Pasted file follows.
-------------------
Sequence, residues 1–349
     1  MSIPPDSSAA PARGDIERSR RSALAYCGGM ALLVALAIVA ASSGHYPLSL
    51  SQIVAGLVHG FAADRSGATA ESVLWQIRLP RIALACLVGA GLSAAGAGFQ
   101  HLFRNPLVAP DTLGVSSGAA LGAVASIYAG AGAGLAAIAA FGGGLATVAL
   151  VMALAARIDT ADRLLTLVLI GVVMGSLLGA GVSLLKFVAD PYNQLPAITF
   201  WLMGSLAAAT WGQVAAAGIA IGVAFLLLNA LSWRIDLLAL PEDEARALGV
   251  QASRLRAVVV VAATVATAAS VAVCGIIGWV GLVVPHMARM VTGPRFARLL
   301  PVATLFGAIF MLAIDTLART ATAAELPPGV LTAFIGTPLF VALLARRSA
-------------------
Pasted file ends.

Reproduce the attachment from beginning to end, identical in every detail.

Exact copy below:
Sequence, residues 1–349
     1  MSIPPDSSAA PARGDIERSR RSALAYCGGM ALLVALAIVA ASSGHYPLSL
    51  SQIVAGLVHG FAADRSGATA ESVLWQIRLP RIALACLVGA GLSAAGAGFQ
   101  HLFRNPLVAP DTLGVSSGAA LGAVASIYAG AGAGLAAIAA FGGGLATVAL
   151  VMALAARIDT ADRLLTLVLI GVVMGSLLGA GVSLLKFVAD PYNQLPAITF
   201  WLMGSLAAAT WGQVAAAGIA IGVAFLLLNA LSWRIDLLAL PEDEARALGV
   251  QASRLRAVVV VAATVATAAS VAVCGIIGWV GLVVPHMARM VTGPRFARLL
   301  PVATLFGAIF MLAIDTLART ATAAELPPGV LTAFIGTPLF VALLARRSA